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Nanowire brain network learns and remembers ‘on the fly’

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For the first time, a physical neural network has successfully been shown to learn and remember ‘on the fly’, in a way inspired by how the brain’s neurons work.

The study opens a pathway for developing efficient and low-energy machine intelligence for more complex, real-world learning and memory tasks.

Lead author Ruomin Zhu is a PhD student from the University of Sydney Nano Institute and School of Physics.

The researcher said: “The findings demonstrate how brain-inspired learning and memory functions using nanowire networks can be harnessed to process dynamic, streaming data.”

Nanowire networks are comprised of tiny wires that are just billionths of a metre in diameter.

These wires arrange themselves into patterns reminiscent of the children’s game ‘Pick Up Sticks’, mimicking neural networks, like those in our brains.

The networks can be used to perform specific information processing tasks.

Memory and learning tasks are achieved using simple algorithms that respond to changes in electronic resistance at junctions where nanowires overlap.

Known as ‘resistive memory switching’, this function is created when electrical inputs encounter changes in conductivity, similar to what occurs with synapses in our brain.

In the new study, researchers used the network to recognise and remember sequences of electrical pulses corresponding to images, inspired by the way the human brain processes information.

The nanowire neural network displayed a benchmark machine learning capability, scoring 93.4 per cent in correctly identifying test images.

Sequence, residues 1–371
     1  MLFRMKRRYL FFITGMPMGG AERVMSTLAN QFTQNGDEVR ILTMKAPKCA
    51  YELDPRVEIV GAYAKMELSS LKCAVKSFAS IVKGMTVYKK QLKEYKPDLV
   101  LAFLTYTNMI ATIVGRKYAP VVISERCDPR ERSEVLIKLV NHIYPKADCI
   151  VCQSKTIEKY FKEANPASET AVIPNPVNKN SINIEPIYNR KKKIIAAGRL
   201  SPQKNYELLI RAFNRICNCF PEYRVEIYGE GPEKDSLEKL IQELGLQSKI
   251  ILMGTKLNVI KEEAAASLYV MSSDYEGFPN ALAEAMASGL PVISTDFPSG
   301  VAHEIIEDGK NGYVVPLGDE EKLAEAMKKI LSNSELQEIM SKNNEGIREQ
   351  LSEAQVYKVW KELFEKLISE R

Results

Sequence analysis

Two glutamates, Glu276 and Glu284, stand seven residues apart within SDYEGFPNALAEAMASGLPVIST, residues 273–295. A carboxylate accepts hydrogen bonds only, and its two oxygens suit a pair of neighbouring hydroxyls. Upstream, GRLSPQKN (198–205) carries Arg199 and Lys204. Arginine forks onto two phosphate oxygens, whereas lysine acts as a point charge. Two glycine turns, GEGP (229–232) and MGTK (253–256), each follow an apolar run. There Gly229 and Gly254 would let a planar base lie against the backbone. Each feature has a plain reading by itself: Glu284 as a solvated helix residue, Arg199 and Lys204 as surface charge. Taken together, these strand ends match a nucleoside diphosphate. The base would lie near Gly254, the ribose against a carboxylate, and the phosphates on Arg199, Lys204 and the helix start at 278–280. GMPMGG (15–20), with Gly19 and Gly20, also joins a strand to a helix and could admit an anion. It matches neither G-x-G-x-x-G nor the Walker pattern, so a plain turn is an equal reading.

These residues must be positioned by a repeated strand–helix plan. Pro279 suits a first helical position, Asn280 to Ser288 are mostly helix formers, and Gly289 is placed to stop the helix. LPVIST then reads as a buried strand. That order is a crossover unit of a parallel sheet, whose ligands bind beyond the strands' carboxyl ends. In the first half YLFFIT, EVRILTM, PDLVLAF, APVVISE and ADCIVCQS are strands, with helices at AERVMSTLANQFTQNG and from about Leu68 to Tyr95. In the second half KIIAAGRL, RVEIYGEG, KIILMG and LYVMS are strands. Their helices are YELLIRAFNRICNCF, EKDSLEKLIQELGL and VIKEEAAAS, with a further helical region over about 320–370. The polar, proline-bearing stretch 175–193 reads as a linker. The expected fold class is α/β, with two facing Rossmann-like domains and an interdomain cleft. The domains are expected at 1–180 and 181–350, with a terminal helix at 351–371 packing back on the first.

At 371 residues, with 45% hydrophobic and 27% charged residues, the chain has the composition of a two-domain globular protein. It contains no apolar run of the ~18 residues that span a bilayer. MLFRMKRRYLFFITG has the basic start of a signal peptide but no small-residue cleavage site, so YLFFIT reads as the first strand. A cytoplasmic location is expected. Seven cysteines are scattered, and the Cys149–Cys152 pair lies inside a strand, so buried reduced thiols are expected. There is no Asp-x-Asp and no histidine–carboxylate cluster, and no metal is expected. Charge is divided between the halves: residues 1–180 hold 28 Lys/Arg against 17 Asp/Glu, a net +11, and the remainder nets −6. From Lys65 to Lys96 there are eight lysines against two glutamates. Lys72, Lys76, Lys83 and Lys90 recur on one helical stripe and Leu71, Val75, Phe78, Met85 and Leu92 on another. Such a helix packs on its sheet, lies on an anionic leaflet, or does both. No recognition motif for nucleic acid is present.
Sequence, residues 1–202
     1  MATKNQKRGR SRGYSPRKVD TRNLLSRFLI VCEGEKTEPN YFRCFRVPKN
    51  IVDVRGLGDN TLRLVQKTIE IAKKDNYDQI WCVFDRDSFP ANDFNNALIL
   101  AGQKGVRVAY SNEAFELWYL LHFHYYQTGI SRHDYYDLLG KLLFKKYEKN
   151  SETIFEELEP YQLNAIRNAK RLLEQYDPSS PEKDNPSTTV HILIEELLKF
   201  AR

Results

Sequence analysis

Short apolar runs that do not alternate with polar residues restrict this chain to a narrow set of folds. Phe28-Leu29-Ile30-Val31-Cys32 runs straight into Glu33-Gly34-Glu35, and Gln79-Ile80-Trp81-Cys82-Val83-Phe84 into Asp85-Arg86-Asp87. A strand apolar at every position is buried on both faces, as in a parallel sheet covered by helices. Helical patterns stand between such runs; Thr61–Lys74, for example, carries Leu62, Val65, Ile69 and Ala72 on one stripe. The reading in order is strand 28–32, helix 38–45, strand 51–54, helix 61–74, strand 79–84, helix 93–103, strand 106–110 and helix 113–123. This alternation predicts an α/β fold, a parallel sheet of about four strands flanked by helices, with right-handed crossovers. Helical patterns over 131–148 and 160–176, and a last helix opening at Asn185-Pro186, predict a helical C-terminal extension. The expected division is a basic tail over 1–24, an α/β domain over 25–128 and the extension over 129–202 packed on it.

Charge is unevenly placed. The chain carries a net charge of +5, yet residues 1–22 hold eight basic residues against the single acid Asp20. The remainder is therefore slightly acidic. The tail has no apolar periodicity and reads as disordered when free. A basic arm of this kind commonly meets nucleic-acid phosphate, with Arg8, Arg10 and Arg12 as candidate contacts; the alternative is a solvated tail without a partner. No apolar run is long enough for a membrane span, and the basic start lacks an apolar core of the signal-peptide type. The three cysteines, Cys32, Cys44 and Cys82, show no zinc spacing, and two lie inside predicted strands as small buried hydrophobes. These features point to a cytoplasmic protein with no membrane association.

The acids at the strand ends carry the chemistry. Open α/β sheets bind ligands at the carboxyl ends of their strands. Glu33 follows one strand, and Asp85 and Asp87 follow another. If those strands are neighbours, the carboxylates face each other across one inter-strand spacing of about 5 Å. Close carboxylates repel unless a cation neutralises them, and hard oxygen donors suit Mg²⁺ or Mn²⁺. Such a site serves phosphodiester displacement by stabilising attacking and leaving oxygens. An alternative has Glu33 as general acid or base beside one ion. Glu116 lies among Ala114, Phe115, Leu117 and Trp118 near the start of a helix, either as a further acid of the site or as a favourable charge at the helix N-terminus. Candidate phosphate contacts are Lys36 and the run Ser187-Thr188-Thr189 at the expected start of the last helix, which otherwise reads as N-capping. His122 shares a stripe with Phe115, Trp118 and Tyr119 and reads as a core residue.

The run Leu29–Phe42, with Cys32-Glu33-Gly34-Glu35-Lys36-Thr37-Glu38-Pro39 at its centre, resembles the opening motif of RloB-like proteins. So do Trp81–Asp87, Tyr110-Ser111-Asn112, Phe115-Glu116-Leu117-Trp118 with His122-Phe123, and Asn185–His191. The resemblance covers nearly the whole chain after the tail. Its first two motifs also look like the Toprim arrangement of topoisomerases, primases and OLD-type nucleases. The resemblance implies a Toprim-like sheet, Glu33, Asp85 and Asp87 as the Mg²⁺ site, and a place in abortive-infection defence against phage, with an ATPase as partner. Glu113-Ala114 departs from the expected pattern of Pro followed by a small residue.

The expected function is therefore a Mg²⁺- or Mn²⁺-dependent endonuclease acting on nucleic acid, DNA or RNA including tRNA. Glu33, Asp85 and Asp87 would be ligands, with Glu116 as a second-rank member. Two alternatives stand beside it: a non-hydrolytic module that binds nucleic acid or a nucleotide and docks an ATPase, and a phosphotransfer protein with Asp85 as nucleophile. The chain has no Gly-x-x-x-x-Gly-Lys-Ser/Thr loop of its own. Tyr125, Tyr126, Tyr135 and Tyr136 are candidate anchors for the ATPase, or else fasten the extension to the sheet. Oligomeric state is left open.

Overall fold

The memory task involved recalling sequences of up to eight digits and for both tasks, data was streamed into the network to demonstrate its capacity for online learning and to show how memory enhances that learning.

Supervising researcher Professor Zdenka Kuncic said that the memory task was similar to remembering a phone number.

The network was also used to perform a benchmark image recognition task, accessing images in the MNIST database of handwritten digits –  a collection of 70,000 small greyscale images used in machine learning.

Prof Kuncic said: “Our previous research established the ability of nanowire networks to remember simple tasks.

“This work has extended these findings by showing tasks can be performed using dynamic data accessed online..

“This is a significant step forward as achieving an online learning capability is challenging when dealing with large amounts of data that can be continuously changing.

“A standard approach would be to store data in memory and then train a machine learning model using that stored information.

“But this would chew up too much energy for widespread application.

“Our novel approach allows the nanowire neural network to learn and remember ‘on the fly’, sample by sample, extracting data online, thus avoiding heavy memory and energy usage.”

Zhu added there were other advantages when processing information online.

The researcher said: “If the data is being streamed continuously, such as it would be from a sensor for instance, machine learning that relied on artificial neural networks would need to have the ability to adapt in real-time, which they are currently not optimised for.”

Image: The University of Sydney

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